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Learning from Portland-based ‘Hanna Andersson’ Data Breach

The latest in retail data breaches hit close to home this month with Portland-based retailer Hanna Andersson announcing at the end of January they had been hacked. The breach happened in fall of 2019, between September 16 and November 11, but the retailer has yet to say how exactly the scam was executed.

The news, though unfortunate, is not a major shock. Better Business Bureau Northwest + Pacific has seen a steady uptick of data breaches over the last several years with major names such as Equifax, Uber and Target among recent victims making headlines.

In the case of Hanna Andersson, a somewhat luxury children’s clothing retailer with stores around the country, the breach compromised customers’ credit card information including credit card numbers, expiration dates, security codes, billing and shipping addresses. In short – scammers got full access to customer account information and everything they’d need to commit identity fraud. The hack mainly impacted customers who made purchases on the website during that September to November timeframe.

Not many other details have been released by Hanna Anderson executives yet, though they assured consumers they are working with federal authorities to investigate the breach and improve their cybersecurity.

Still, the incident underlines – again – the importance of businesses beefing up their security features in today’s climate of constant cyber-threats and attacks.

For customers who may have been impacted by this breach, BBB NW+P offers these tips:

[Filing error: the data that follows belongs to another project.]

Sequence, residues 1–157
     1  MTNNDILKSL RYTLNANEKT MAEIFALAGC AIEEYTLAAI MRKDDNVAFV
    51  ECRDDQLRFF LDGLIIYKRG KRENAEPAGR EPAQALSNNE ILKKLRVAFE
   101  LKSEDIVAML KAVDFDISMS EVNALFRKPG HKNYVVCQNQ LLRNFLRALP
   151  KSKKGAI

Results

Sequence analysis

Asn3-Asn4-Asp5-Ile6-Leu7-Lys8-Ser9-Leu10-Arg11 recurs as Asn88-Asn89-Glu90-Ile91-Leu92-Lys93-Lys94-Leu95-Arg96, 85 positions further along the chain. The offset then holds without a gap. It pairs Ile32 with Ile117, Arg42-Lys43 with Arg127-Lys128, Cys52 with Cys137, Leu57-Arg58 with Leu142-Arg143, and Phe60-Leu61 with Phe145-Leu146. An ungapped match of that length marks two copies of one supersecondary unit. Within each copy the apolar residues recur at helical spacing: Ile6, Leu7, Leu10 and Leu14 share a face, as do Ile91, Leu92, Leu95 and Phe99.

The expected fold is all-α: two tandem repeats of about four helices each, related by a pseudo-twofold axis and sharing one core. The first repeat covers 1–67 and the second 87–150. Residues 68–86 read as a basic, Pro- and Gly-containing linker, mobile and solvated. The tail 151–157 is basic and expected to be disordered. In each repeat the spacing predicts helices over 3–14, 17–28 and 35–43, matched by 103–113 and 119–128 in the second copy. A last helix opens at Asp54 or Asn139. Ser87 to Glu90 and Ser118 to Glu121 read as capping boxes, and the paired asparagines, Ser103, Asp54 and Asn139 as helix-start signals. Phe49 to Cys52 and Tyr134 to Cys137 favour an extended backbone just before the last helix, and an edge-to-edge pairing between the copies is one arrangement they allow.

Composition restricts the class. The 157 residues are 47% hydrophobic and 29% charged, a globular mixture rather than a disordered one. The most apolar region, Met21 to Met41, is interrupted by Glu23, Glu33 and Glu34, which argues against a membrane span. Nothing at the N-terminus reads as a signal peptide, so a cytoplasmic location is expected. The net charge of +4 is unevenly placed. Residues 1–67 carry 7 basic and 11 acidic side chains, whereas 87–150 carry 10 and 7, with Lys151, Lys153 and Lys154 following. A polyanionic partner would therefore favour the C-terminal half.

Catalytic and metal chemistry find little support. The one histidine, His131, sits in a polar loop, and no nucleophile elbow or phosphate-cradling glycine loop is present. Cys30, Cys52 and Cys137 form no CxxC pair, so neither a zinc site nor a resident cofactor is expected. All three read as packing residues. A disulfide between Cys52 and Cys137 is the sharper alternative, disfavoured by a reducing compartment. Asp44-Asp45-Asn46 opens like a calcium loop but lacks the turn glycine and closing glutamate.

• Confirm whether your card was involved. At this point, the company that was breached should let you know if your card was compromised. Or you should have heard from the card-issuer itself.
  • Consider putting a credit freeze or fraud alert on your credit reports with the three major credit reporting agencies. This would prevent scammers from accessing your credit report or personally identifiable information.
  • Monitor your credit card statements carefully for at least three months to keep an eye out for fraudulent charges. Or consider canceling that card completely and getting a new one.
  • If you do see a fraudulent charge, report it right away to your bank. Typically, if a cardholder reports unauthorized charges within 60 days, federal consumer protection laws require the merchant or bank to reimburse the customer.

 For businesses, the lesson couldn’t be clearer: protecting customer information is paramount. A data breach means a business has broken faith with its customers and, once lost, trust is difficult to rebuild. So make sure your systems and customer information are secure, check and update safeguards regularly and, if you do experience a data breach, quick and comprehensive information to your customer base allows them to take appropriate action swiftly. For more information on cyber security visit bbb.org.

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Written by Danielle Kane

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